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Muslim American Film Hala To Be Featured in 2019 Sundance Film Festival

HalaWhile many are holding onto the memories and experiences of 2018 as the year comes to a close, for others, 2019 cannot come any sooner-specially for rising film artists such as Yale graduate Minhal Baig. Just 4 days ago, the Sundance Film Festival announced Baig’s debut film Hala would be part of  its 2019 feature line up. From the perspective of a young Muslim American woman, the story revolves around a teenager’s struggle to navigate the trials and tribulations of everyday life. In an interview with Brown Girl, Baig discussed the importance of inclusivity when capturing all American experiences, especially from minority populations who have not been fully represented in the media.

In order to create this shift within the film industry, Baig knew she had to begin her career by showcasing her own experiences. Because of the difference of family values and upbringing between her own childhood and what was presented to her on television, she stated at one point in the interview that “One of the things that I found was the parents on television were interested in the emotional worlds of their children. I just found that so bizarre because my parents never lend themselves to questions that would let them know what’s going on in my internal world. That’s just not something that we discussed ever. To see that in movies and television, it was like, ‘Wow, is this a movie parent?’”. However, to her surprise, many of her friends actually were living like families she saw on screen. While not the only reason, this realization helped spark the push for Baig  to write Hala and provide to the global audience her unique voice . Minhal Baig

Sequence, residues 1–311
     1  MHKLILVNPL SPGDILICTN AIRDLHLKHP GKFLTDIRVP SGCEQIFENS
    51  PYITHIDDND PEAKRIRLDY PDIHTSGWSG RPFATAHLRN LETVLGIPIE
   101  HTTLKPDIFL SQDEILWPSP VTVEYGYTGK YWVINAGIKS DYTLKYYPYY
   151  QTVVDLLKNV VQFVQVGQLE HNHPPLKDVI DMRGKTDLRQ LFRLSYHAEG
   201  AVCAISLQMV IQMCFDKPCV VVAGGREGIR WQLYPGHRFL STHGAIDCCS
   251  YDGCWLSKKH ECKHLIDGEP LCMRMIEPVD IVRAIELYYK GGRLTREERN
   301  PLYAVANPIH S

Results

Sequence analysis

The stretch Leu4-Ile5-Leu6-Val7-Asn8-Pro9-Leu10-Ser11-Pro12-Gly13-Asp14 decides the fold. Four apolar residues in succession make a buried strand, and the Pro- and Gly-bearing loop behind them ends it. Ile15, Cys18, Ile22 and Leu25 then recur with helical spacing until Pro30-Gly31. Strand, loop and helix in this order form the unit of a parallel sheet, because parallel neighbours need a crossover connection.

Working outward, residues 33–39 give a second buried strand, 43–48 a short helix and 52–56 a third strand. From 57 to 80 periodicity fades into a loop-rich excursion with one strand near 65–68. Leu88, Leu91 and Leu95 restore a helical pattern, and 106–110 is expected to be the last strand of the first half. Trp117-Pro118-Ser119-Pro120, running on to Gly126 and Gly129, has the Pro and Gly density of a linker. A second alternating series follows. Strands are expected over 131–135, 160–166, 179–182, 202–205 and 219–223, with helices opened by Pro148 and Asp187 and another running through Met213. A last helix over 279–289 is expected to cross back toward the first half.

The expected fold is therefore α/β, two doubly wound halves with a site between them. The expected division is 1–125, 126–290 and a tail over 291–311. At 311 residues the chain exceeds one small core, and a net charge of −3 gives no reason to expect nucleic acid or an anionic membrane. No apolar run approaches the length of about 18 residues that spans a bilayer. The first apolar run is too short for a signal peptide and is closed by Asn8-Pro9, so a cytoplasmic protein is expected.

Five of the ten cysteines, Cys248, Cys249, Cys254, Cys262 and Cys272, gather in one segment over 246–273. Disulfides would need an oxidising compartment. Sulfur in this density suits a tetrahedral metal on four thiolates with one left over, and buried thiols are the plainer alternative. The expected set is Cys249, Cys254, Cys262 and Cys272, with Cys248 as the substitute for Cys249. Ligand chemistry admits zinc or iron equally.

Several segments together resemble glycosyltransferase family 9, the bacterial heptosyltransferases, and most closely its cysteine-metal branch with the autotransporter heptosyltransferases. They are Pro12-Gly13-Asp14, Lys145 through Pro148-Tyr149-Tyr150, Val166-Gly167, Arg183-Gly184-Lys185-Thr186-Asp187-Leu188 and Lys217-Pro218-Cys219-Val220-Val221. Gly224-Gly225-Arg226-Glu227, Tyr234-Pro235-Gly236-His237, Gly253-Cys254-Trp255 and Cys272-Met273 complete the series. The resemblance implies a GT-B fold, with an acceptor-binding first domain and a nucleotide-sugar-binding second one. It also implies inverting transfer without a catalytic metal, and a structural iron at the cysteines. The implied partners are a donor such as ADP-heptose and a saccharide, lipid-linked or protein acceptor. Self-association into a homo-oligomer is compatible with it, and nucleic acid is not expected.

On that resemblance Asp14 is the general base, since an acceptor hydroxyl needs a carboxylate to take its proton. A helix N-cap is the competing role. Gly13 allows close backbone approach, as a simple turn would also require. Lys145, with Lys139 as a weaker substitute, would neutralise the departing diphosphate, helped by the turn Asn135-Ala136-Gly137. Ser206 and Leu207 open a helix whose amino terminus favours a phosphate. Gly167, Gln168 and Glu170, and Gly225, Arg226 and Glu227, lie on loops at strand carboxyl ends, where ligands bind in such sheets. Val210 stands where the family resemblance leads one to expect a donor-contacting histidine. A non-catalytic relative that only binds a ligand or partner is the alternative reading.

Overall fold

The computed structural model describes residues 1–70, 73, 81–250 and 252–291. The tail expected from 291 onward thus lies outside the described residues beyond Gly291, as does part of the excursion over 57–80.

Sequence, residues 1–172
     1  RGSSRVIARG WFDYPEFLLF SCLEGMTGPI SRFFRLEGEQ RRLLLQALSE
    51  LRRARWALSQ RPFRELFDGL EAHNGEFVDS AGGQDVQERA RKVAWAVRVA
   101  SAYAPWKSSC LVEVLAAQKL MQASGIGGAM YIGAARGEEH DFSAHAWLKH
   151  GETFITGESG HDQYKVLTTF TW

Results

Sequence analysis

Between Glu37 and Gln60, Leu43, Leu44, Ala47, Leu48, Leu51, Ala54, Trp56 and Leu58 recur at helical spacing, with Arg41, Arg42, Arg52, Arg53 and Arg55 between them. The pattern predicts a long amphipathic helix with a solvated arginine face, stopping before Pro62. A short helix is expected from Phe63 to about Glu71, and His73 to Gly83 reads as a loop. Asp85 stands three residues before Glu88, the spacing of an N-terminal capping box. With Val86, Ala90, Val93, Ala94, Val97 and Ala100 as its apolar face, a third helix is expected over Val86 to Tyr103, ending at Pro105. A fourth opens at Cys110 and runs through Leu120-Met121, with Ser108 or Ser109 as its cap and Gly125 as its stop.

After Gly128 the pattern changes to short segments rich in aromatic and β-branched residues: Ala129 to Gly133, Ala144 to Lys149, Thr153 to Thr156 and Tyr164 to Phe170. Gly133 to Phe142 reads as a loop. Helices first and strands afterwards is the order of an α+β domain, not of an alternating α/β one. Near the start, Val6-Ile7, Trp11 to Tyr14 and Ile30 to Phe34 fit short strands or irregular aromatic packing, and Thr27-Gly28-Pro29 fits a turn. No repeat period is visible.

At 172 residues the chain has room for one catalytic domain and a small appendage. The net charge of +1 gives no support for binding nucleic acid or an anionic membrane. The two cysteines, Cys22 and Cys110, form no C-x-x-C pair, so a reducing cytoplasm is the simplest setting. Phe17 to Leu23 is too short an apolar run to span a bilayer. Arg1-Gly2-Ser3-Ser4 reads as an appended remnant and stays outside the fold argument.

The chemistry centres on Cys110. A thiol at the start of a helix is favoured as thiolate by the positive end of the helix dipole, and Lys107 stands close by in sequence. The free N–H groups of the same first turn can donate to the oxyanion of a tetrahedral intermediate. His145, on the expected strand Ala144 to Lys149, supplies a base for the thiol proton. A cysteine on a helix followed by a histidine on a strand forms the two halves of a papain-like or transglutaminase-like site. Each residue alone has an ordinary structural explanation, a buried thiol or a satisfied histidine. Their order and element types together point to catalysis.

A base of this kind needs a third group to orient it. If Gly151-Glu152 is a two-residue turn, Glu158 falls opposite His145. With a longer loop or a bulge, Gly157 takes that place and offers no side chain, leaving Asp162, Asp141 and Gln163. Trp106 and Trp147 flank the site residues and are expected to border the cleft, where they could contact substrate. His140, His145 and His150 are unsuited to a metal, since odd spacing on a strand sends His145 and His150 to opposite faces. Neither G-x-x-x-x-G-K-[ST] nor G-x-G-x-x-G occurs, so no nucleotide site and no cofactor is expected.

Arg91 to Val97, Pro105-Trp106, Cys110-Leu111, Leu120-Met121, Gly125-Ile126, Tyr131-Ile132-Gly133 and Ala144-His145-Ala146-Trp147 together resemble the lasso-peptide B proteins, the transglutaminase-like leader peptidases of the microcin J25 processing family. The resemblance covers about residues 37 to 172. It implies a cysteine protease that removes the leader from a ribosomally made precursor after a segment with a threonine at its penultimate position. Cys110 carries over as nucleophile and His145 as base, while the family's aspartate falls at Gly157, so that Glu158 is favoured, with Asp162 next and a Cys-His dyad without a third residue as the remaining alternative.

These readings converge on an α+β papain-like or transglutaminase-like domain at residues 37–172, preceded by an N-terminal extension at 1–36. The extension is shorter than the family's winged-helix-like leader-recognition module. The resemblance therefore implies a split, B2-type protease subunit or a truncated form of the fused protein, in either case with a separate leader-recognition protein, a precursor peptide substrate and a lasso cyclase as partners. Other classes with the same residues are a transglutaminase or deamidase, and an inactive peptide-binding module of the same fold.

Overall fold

According to Variety, women made up 65 percent of those working on the film, including upcoming Australian Indian star Geraldine Viswanathan.

The story takes place in a suburb of Chicago. Baig (photo from Twitter) described her story during an interview with Go Into the Story as an “intimate portrait of a girl becoming a woman.”

More importantly, it expands the public’s perception of the American experience

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